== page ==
3.   A person subject to unlawful interference with recording police activities as described in subdivision b of this section may bring an action in any court of competent jurisdiction for any damages, including punitive damages, and for declaratory and injunctive relief and such other remedies as may be appropriate.
      4.   In any action or proceeding to enforce this section, the court shall allow a prevailing plaintiff reasonable attorney's fees as part of the costs, and may include expert fees as part of the attorney's fees.
      5.   Any action or proceeding to enforce this section shall be commenced no later than one year and 90 days after the date on which the violation of this section is committed.
   d.   Preservation of rights. This section shall be in addition to all rights, procedures, and remedies available under the United States constitution, section 1983 of title 42 of the United States code, the constitution of the state of New York and all other federal laws, state laws, laws of the city of New York including the administrative code, and all pre-existing civil remedies, including monetary damages, created by statute, ordinance, regulation or common law.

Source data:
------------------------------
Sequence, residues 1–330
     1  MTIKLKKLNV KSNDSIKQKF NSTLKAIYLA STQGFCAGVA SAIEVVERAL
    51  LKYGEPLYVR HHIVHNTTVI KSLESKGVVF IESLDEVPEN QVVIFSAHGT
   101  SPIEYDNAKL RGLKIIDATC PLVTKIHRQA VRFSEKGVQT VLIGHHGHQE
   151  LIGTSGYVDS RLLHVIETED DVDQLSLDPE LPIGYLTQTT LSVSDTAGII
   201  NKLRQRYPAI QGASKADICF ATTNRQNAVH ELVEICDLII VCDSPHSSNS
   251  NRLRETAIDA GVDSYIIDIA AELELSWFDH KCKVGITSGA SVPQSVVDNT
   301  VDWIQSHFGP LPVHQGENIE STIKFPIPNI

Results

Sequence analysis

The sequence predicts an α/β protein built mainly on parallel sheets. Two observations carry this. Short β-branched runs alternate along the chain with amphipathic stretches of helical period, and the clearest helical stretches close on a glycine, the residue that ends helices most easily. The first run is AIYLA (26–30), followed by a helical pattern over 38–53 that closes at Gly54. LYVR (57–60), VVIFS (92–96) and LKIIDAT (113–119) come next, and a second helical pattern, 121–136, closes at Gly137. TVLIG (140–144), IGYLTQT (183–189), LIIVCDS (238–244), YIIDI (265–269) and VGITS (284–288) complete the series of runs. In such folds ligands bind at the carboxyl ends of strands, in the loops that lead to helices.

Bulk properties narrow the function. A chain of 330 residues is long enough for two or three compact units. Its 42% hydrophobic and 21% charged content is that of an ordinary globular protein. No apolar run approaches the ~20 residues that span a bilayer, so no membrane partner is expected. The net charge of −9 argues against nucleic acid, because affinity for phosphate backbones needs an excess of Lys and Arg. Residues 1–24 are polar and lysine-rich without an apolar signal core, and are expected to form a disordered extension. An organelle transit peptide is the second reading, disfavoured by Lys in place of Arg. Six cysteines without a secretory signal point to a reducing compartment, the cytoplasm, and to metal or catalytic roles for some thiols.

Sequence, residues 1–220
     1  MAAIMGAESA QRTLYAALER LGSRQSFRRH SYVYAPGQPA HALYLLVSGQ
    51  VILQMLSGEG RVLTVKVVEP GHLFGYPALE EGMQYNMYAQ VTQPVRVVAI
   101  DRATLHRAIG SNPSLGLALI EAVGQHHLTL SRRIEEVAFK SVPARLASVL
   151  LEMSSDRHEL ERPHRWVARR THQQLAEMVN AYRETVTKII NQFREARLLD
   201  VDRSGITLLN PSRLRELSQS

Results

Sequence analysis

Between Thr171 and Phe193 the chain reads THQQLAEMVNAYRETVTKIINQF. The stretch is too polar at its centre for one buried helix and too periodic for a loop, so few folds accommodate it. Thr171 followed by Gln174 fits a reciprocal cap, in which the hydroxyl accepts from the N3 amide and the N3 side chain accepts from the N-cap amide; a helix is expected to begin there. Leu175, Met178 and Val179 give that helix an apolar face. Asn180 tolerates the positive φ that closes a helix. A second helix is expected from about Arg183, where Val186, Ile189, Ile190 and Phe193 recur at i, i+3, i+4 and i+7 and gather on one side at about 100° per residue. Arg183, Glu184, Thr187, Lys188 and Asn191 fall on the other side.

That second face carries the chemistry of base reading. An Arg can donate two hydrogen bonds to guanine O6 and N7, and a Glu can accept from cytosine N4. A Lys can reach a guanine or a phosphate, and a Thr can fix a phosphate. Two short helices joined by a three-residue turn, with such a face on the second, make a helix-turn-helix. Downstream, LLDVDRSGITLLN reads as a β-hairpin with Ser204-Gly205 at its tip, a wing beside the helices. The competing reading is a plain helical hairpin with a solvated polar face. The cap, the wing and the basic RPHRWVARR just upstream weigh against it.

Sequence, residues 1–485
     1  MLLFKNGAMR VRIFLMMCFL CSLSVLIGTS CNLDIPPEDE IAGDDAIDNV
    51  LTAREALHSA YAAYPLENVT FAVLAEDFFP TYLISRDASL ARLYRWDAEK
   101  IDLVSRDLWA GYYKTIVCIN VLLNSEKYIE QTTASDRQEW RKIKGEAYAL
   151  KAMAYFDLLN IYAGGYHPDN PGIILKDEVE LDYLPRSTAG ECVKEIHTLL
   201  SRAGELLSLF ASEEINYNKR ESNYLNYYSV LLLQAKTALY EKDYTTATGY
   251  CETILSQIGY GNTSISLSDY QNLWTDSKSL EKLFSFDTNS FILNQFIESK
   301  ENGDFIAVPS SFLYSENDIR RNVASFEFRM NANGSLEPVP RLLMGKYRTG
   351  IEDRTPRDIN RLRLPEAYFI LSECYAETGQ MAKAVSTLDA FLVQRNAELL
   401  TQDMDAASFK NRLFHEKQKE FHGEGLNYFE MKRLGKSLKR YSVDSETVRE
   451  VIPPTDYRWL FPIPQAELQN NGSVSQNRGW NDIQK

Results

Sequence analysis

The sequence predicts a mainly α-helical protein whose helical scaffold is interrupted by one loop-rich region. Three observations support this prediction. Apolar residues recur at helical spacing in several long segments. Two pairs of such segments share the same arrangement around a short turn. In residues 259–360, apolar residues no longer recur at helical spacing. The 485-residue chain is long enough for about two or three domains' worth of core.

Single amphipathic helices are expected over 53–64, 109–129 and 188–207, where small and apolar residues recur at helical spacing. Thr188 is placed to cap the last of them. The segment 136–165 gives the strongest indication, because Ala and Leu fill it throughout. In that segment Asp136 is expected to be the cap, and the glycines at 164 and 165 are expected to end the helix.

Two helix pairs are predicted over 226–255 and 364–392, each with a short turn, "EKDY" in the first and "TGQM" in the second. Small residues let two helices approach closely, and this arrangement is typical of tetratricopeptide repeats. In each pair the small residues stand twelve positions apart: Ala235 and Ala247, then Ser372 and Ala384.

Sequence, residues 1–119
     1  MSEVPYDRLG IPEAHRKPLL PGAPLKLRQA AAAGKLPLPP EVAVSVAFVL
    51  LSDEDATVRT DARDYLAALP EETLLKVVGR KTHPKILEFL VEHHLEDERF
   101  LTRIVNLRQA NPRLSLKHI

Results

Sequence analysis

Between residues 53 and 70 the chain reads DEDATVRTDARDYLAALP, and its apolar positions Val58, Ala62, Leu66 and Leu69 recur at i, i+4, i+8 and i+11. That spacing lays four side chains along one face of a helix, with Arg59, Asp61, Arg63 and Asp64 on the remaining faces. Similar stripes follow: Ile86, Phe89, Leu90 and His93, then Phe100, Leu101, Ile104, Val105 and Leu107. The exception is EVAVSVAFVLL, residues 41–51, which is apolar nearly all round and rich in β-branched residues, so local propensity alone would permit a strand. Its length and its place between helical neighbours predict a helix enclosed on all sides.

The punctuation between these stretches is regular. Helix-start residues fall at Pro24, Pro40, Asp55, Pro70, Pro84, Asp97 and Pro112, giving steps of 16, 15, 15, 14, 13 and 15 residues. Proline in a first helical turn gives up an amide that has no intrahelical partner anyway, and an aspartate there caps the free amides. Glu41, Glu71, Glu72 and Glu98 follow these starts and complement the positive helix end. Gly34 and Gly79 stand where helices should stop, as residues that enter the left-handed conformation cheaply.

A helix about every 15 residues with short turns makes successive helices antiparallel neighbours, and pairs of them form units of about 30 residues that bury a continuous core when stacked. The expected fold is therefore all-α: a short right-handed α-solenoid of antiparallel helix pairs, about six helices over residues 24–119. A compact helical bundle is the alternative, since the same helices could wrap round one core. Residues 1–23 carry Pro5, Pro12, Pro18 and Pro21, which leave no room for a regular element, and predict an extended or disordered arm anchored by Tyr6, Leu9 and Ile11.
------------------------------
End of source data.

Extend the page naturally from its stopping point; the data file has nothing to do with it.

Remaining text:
e.   Reporting. The commissioner shall submit to the speaker of the council, the public advocate and the mayor, and post on the department’s website, within 20 days after the beginning of the quarter that commences on January 1, 2021 and each quarter thereafter, a report containing the following information for the previous quarter: the number of arrests, criminal summonses, and civil summonses in which the person arrested or summonsed was recording police activities as defined in subdivision a of this section. Such report shall include this information in total and disaggregated by the following factors: the patrol precinct in which such arrest or summons occurred, the offense charged, and the apparent race, ethnicity, gender, and age of the person arrested or summonsed. The information to be reported pursuant to this section shall be compared with previous reporting periods, shall be permanently stored on the department’s website, and shall be stored in alphanumeric form that can be digitally transmitted or processed and not in portable document format or scanned copies of original documents.
(L.L. 2020/067, 7/15/2020, eff. 8/14/2020)